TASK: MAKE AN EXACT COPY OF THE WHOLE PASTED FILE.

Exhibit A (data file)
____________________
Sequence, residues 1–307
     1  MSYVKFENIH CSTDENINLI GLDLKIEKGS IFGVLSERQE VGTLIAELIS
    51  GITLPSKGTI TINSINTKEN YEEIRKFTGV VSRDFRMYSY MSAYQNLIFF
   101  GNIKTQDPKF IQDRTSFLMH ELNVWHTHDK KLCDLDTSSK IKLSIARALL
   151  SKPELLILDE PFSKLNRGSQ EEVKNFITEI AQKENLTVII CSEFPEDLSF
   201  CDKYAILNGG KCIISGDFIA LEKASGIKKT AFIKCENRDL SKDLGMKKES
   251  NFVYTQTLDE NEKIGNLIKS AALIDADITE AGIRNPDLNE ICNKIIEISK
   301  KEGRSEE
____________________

Sequence, residues 1–307
     1  MSYVKFENIH CSTDENINLI GLDLKIEKGS IFGVLSERQE VGTLIAELIS
    51  GITLPSKGTI TINSINTKEN YEEIRKFTGV VSRDFRMYSY MSAYQNLIFF
   101  GNIKTQDPKF IQDRTSFLMH ELNVWHTHDK KLCDLDTSSK IKLSIARALL
   151  SKPELLILDE PFSKLNRGSQ EEVKNFITEI AQKENLTVII CSEFPEDLSF
   201  CDKYAILNGG KCIISGDFIA LEKASGIKKT AFIKCENRDL SKDLGMKKES
   251  NFVYTQTLDE NEKIGNLIKS AALIDADITE AGIRNPDLNE ICNKIIEISK
   301  KEGRSEE